Category Archives: Pesticides

Widespread continued use of bee-killing neonicotinoid pesticides

“Countries across Europe are exploiting a loophole to allow widespread continued use of bee-killing neonicotinoid pesticides, two years after the EU introduced a landmark ban on their use.

The EU agreed a ban on all outdoor uses of the neonicotinoid insecticides clothianidin, imidacloprid, and thiamethoxam on 27 April 2018, in order to protect bees.

However, an Unearthed investigation has found that in the two years since the ban was agreed, EU countries have issued at least 67 different “emergency authorisations” for outdoor use of these chemicals…”

https://unearthed.greenpeace.org/2020/07/08/bees-neonicotinoids-bayer-syngenta-eu-ban-loophole/

‘Bee-killing’ pesticide now will not be used on UK sugar beet fields

A Guardian newspaper article:-

“A pesticide which reduces bee populations and was to be used in England’s sugar beet fields this year will not be used after recent cold weather killed off virus-transmitting aphids…..”

https://www.theguardian.com/environment/2021/mar/03/bee-killing-pesticide-now-will-not-be-used-on-uk-sugar-beet-fields?fbclid=IwAR0tOvOeuetwoExDrEe8efFQqw-w9FwusIG73Kt-SW6vV7sHQ6cxnQM1jZM

EU to end the export of banned agrochemicals to Third World countries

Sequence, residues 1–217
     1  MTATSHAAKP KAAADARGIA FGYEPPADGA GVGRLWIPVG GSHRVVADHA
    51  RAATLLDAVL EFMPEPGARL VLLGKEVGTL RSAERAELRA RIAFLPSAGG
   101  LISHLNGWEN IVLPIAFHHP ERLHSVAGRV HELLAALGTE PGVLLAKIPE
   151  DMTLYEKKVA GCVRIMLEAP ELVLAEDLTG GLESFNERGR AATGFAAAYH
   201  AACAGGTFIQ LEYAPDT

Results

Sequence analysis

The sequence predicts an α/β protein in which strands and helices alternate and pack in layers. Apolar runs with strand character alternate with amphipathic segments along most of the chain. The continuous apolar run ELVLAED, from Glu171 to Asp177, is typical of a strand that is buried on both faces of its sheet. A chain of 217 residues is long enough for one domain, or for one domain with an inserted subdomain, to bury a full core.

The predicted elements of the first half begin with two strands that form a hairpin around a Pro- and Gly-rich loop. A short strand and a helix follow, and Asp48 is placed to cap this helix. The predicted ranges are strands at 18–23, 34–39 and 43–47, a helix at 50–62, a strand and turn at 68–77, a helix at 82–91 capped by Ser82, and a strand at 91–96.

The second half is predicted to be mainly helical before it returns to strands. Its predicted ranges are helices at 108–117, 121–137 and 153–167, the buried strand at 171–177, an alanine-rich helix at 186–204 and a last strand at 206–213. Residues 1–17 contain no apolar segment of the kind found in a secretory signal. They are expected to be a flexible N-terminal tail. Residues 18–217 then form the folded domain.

As reported by Greenpeace the EU has pledged to bring to an end the deplorable practice of sending thousands of tonnes of pesticides and herbicides which are banned in Europe to poor third world countries with weaker regulations.

The UK is a major exporter of these banned pesticides but this new proposed legislation won’t apply to us as we are no longer members of the EU.

Many of these banned agrochemicals pose a threat to bees and other pollinators, not to mention people. For example the herbicide Paraquat is manufactured for Syngenta in its factory here in Huddersfield. We are not the only culprits, however, as 10 other EU countries, including Germany and France, are guilty of exporting similar prohibited chemicals.

The date set for action is 2023.

Will the UK follow suit?

https://unearthed.greenpeace.org/2020/10/15/eu-banned-pesticide-exports-public-eye/

Promote wildlife and have a profitable arable farm

Farmers Weekly 11th Sept 20 has an article about an RSPB owned commercial arable farm.

In 2019, the farm was benchmarked against other local farm businesses and though crops varied in profitability, this was typical compared to the other farms.

!n 2019, the farm went completely insecticide free and saw no reduction in yields compared with previous years, making small savings on the products.

One quote:-
“Though we had aphids in the beans last year, there were loads of ladybirds and larvae too, and within 10 days there were only ladybirds left and the beans didn’t suffer at all,”